Of course, it's a wonderful irony of history that Murdoch and his cronies were so keen to push the debates in the first place. Not only are they ultimately responsible for unlocking the surge in LibDem support, but the subsequent hysterical attacks from the Murdoch stable (and the rest) are demonstrating the waning power of the right wing press. I bet I'm not the only one heartened to know that in his twilight years, Murdoch is starting to see the influence and power built up over a life time slowly, but inexorably unravel before his eyes.
Again, the debate itself was no great shakes. Once more the leaders disgracefully tried to out-tough each other on immigration. There was more point scoring over Afghanistan and weapon supplies. Brown(!) probably had the best line of the night, characterising Tory policy as "the Big Society at home, but Little Britain abroad." But there were no knock out blows, no howlers. Clegg turned in a confident performance as did Dave and Brown. If I had to score it, Clegg edged it but Cameron and Brown weren't far behind. But serious questions have to be asked about YouGov's 'who won?' poll that appeared on Sky News not long after the debate had finished. Leaving aside the preposterous notion Dave outperformed the other two, there are serious issues of probity when a polling firm - YouGov - whose CEO is a Tory parliamentary candidate, produces a poll bigging up Cameron for a newspaper - The Sun - who is cheerleading a Conservative victory. Conflicts of interest much?
Off the back of last week's debate there has understandably been much talk of a hung parliament. It's definitely got the Tories worried. Thus the hysteria about the tanking pound and other fairy tales of economic apocalypse that have nibbled away at the Tories' threadbare collective sanity. As far as I can see a hung parliament scenario is preferable to a Conservative majority. And in many ways, a Lib-Lab coalition is pregnant with its own advantages from a labour movement perspective than an outright Labour win. This is quite apart from the obvious desirability of abolishing FPTP for Westminster elections and its replacement with a proportional system (preferably the Single Transferable Vote), and a reigning in of Labour's attacks on civil liberties. But such strategic musings are probably best left for after the election. But one shouldn't be complacent about this. A coalition between Labour and the Liberals in a hung parliament is no foregone conclusion. The right wing press and the Tories themselves will chew anyone's ear off about the evils of PR, but the Conservatives didn't become the preferred party of British capital by being sticklers for principle. A coalition between them and the LibDems - even if the price is STV - cannot be ruled out.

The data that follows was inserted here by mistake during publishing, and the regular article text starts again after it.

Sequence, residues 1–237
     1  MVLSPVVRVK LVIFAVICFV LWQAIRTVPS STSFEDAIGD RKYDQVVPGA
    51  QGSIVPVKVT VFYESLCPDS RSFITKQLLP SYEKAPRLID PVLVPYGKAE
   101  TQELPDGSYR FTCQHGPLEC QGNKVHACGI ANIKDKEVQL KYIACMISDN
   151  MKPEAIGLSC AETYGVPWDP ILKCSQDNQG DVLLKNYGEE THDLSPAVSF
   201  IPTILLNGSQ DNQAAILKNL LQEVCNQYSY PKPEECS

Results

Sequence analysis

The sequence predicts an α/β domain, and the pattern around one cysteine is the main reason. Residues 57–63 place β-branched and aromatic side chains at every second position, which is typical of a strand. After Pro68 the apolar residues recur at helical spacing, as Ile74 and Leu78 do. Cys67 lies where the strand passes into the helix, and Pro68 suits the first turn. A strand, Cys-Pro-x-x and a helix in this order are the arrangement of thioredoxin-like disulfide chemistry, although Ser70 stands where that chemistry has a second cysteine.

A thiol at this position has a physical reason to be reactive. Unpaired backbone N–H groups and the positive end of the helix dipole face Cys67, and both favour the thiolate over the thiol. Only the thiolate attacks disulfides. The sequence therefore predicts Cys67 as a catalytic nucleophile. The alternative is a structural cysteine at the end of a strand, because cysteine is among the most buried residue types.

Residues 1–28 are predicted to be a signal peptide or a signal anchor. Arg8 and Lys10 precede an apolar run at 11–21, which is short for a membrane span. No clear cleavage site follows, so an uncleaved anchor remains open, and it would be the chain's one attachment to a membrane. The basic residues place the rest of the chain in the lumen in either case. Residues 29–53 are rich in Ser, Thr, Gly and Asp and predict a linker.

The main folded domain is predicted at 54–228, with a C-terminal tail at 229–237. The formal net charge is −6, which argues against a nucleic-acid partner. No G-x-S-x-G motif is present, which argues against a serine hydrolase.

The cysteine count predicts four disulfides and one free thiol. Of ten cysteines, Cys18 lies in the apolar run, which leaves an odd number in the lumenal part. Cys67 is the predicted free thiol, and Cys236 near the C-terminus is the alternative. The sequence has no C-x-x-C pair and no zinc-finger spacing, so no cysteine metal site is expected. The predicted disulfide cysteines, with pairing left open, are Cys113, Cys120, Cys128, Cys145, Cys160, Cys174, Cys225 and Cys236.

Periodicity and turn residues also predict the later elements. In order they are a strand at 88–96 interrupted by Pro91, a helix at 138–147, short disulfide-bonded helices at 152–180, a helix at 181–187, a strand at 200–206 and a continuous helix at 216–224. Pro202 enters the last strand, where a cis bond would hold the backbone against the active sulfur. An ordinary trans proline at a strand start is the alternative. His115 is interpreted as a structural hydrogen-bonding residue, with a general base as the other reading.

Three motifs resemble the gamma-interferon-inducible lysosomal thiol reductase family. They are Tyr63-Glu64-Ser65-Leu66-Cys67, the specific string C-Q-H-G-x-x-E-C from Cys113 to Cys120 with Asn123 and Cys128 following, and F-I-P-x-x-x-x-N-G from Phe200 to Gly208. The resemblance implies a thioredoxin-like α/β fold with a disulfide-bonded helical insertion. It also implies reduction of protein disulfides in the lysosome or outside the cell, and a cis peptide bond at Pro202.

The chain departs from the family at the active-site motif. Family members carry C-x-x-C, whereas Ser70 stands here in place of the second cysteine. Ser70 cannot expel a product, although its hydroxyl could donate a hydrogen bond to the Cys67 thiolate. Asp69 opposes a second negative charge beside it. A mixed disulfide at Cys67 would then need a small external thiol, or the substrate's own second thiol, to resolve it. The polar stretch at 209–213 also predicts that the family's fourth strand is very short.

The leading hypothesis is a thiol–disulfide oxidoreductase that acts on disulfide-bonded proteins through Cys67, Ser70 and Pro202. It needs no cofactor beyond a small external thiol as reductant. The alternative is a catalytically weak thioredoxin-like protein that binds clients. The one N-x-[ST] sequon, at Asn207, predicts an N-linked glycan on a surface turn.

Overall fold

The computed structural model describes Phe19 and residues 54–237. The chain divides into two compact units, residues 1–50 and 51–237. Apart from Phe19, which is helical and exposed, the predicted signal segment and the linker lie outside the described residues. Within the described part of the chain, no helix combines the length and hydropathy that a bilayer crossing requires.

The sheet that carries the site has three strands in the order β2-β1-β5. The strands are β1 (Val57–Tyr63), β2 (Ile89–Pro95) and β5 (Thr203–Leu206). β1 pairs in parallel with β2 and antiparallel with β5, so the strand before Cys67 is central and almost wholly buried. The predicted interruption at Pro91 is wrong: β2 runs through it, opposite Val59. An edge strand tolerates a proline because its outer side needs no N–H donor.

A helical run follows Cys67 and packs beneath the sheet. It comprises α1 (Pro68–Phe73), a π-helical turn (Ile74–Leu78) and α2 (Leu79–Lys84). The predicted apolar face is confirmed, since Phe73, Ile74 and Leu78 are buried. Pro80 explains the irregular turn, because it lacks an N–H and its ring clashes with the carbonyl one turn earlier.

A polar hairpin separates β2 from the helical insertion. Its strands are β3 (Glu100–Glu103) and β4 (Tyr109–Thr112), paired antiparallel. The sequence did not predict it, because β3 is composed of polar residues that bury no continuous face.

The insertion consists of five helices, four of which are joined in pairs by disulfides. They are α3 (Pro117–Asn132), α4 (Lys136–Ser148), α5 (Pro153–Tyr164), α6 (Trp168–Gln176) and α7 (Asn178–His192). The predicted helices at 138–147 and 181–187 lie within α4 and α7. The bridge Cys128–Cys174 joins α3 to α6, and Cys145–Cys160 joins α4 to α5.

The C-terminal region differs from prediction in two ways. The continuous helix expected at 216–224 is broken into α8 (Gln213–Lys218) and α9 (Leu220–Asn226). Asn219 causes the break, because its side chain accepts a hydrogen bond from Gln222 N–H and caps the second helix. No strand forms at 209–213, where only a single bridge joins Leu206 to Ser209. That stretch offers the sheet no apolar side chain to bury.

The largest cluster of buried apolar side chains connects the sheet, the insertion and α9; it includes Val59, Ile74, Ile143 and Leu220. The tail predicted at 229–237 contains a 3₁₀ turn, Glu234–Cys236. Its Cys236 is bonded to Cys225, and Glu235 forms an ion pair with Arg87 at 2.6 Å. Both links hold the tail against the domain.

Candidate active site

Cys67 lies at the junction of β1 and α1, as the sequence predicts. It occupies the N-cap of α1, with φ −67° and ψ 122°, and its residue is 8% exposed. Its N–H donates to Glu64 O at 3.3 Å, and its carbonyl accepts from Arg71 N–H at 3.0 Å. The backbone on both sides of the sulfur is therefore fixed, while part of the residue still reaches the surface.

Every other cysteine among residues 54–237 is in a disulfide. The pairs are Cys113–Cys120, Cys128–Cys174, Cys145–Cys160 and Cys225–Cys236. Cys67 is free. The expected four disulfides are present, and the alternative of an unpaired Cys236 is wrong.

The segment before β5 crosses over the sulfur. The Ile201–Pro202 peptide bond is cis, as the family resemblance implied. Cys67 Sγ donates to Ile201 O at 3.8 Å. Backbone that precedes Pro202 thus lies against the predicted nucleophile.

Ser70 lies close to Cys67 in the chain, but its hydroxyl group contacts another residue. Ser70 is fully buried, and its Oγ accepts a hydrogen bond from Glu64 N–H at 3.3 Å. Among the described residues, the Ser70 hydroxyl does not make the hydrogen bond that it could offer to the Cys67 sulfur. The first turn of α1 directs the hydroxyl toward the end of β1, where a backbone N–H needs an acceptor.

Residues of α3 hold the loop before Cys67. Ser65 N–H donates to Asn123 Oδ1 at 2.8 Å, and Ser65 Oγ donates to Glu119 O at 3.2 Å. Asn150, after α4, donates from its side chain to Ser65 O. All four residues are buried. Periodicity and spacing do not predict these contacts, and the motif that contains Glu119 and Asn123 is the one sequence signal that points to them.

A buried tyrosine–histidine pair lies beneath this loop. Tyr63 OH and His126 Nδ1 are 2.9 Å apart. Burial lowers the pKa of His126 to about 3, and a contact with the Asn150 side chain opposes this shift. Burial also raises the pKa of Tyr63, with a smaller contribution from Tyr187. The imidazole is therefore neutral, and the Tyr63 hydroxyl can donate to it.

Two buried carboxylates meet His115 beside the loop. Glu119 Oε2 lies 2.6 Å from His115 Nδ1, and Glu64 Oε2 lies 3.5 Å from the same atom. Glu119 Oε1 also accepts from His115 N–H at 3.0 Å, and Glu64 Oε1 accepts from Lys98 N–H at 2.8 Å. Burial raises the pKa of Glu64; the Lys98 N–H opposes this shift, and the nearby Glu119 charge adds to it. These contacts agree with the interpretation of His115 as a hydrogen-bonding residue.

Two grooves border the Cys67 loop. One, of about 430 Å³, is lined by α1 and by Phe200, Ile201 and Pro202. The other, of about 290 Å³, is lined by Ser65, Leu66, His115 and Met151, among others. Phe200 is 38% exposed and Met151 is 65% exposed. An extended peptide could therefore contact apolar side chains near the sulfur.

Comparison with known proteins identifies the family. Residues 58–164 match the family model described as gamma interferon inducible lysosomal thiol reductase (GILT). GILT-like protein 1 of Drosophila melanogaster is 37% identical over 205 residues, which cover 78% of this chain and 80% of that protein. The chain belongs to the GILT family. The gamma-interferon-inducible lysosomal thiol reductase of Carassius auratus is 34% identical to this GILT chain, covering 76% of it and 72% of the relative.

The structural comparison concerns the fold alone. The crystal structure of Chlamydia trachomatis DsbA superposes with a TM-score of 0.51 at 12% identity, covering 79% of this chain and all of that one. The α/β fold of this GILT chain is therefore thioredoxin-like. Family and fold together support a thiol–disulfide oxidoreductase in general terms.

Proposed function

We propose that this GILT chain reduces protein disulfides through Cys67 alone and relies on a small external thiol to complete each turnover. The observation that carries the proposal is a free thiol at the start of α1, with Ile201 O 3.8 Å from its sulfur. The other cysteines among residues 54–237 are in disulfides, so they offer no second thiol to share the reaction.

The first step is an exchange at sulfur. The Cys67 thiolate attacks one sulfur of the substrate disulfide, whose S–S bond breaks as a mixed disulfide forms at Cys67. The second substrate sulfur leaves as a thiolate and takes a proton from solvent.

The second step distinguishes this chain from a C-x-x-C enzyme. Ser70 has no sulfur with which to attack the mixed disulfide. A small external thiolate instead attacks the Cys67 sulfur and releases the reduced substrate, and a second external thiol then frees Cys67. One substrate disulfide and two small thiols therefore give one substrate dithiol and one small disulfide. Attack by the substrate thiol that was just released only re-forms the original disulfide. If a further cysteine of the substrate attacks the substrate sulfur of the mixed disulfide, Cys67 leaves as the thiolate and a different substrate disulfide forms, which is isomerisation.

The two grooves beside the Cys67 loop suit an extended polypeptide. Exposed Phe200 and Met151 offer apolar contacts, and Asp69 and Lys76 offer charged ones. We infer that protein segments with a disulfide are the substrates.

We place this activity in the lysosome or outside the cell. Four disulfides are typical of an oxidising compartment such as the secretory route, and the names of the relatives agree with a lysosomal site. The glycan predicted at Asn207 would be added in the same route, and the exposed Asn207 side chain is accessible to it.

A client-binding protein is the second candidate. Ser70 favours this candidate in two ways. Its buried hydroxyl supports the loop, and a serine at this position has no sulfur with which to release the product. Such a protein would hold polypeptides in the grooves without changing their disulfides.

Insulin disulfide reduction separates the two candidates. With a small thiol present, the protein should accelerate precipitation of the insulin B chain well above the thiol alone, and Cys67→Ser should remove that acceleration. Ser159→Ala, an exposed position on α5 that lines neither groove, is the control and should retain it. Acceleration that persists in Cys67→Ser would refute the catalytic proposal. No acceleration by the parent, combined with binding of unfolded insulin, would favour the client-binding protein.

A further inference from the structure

Whatever happens, in the event of a hung parliament politics in this country will be irrevocably changed. The restructuring of global capitalism these last 30 years has, in Britain, weakened the labour movement, broken up the old working class community solidarities, thrown back its political consciousness while affirming consumer-based individualities and emboldening middling status groups. The internationalisation and hegemony of finance capital has created new fractional divisions within the ruling class too. These processes have slowly, gradually, relentlessly worked there way into politics. Labour and the Conservatives are in long-term decline and new small political forces are making headway at the fringes of the party system. In fact, FPTP has greatly arrested the fracturing of the British party system. Without it British politics would probably be more continental in flavour and more accurately reflect the real divisions in society. That comes with its own dangers - parliamentary representation for the BNP could be a reality under PR, for example - but the opportunities are there for socialists to seize them.